18-24 July 2014 #716

Male and stale

The UML election was not internal party democracy in action, but the politicisation of politics

If you have been following the mainstream media in Nepal for the past three weeks, you may have been under the illusion that there was another general election afoot. But it was just a member of the ruling coalition, the UML, having its general convention and voting for new party functionaries.

In the hyper-reality world of Nepali media, nothing else happened in the country in the past month.

It has been a tradition in Nepal since 1990 to inject political colour  into everything, so it wasn’t surprising that there was lots of politicisation of politics within the UML as well. The party was polarised into two halves, and the once-split Unified Marxist-Leninists were on the verge of another binary fission.

On one side was once-prime minister and twice-party chairman Madhav Kumar Nepal and his followers, and on the other was once-firebrand revolutionary, now-ailing KP Oli. What Oli lacked in physical stamina was more than made up for by the powerful backing of Home Minister and Deputy Prime Minister Bamdev Gautam.

There is a fatal flaw in the personalities of most of Nepal’s politicians: they don’t know when to call it quits. Tenacity and ambition can be a virtue, but clinging on to power despite age, infirmity or irrelevance is not. Which is why aging cancer patient Sushil Koirala is squandering the respect gained from a lifetime fighting for democracy by coveting the prime minister’s chair just to keep a rival out. Madhav Nepal has had the chance to lead his country and party to demonstrate what he could achieve which, as it turned out, was not much. Oli may be a straight talking tough guy, but with a double kidney transplant it is pretty obvious he is just a stand-in for Gautam.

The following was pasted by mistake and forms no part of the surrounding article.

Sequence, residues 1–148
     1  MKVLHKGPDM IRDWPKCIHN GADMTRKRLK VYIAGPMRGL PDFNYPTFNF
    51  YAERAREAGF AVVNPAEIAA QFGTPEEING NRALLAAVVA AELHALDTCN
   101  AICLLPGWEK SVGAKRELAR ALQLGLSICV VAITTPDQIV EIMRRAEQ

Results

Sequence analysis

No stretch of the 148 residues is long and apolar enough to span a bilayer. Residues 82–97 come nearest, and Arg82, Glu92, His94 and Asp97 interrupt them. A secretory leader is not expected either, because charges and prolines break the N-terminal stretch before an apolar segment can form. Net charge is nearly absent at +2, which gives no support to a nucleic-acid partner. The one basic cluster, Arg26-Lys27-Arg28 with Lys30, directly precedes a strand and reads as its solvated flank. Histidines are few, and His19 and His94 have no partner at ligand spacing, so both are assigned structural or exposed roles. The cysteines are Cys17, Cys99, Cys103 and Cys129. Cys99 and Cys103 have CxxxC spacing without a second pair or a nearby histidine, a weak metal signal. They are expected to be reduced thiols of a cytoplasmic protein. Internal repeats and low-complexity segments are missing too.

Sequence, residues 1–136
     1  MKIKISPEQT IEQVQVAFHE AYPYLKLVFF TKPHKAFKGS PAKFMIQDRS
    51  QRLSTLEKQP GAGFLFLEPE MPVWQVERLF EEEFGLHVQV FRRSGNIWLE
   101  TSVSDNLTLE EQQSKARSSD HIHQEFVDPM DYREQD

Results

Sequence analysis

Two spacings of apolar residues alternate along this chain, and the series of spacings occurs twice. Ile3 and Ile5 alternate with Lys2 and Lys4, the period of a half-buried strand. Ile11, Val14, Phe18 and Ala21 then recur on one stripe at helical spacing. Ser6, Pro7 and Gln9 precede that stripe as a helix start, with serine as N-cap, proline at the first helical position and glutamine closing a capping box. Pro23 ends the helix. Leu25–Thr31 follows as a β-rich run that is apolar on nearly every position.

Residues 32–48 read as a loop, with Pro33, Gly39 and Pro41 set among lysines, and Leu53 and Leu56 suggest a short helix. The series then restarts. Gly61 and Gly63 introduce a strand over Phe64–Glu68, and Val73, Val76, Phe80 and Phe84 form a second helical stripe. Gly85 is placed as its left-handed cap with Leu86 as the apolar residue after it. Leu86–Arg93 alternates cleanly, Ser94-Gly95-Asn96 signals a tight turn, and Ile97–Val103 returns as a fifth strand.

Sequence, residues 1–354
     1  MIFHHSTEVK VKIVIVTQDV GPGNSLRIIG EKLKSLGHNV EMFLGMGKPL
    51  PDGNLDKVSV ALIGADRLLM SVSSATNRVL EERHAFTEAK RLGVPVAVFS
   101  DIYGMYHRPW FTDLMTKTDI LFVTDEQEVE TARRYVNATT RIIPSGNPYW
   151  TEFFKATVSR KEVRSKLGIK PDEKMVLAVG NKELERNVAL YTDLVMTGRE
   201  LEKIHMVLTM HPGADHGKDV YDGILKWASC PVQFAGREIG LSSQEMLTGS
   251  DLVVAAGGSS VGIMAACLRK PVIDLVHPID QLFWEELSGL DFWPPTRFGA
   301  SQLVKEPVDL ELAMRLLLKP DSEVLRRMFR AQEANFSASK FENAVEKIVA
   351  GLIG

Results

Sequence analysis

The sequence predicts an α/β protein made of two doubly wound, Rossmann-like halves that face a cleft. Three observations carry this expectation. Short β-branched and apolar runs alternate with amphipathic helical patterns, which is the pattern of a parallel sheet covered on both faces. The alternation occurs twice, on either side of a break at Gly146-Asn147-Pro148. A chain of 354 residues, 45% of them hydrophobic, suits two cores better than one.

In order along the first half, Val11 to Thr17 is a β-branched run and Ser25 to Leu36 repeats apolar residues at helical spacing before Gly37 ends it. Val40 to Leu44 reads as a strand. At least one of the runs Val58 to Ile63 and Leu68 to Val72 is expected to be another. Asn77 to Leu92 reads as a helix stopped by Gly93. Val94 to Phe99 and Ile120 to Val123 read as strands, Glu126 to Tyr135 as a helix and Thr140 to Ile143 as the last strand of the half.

The UML’s downfall started after the tragic death in a highway accident in 1993 of Madan Bhandari, its leader and architect of the party’s metamorphosis from die-hard Marxism-Leninism into the people’s multi-party democracy line. Bhandari was a man of his times, and in the early 1990s knew which way the wind was blowing after the collapse of the Soviet empire and the fall of the Berlin wall.

Alas, the UML liliputs immediately showed their capacity for cynical opportunism by calling Bhandari’s death an “assassination” and indulging in a protracted witch-hunt for conspirators. The murder of UML cadre Amar Lama who was driving the car in 2003, supposedly by the Maoists, only added to the intrigue.

Far from being scientific communists, the UML has often flip-flopped and sometimes displayed an irrational streak. When it first won elections and came briefly to power in 1994, it showed relatively clean and efficient governance with collective decision-making under statesman-leader Manmohan Adhikari. But in the age of coalition politics, the party faced scathing ridicule for being “neither a duck nor a chicken”. The reason was that it often looked like the UML’s leaders were playing politics just for the sake of politics, and had lost sight of what stood for.

That brings us to the present, and unfortunately, not much has changed. In last week’s chaotic and self-obsessive general convention, the party’s dirty linen was all hung up to dry at Bhrikuti Mandap. The party tried to put its scientific credentials on display with futuristic drones, lasers and robots, but all that backfired because manual vote-counting stretched over days.

However, it was in the list of 14 elected office-bearers that proved that the UML is one of the least inclusive political parties in Nepal. Aside from token women and Janajatis, the core leadership is male and stale: dominated by hill Brahmins who have already served multiple times in government and the party hierarchy. Interestingly, the word ‘male’ is also the Nepali acronym for Marxist-Leninist. It's no wonder the UML's Janajati members are mutinying.

On the plus side, we see some young faces in the party hierarchy who have shown integrity and a can-do attitude when given positions of responsibility in government in the past. And, perhaps, that is where the hope lies.

Read also:

The politics of everything, Editorial

Politics for politics’ sake, Editorial

Will they learn?, From the Nepali Press

Remembering Madan Bhandari, AG Chhetri

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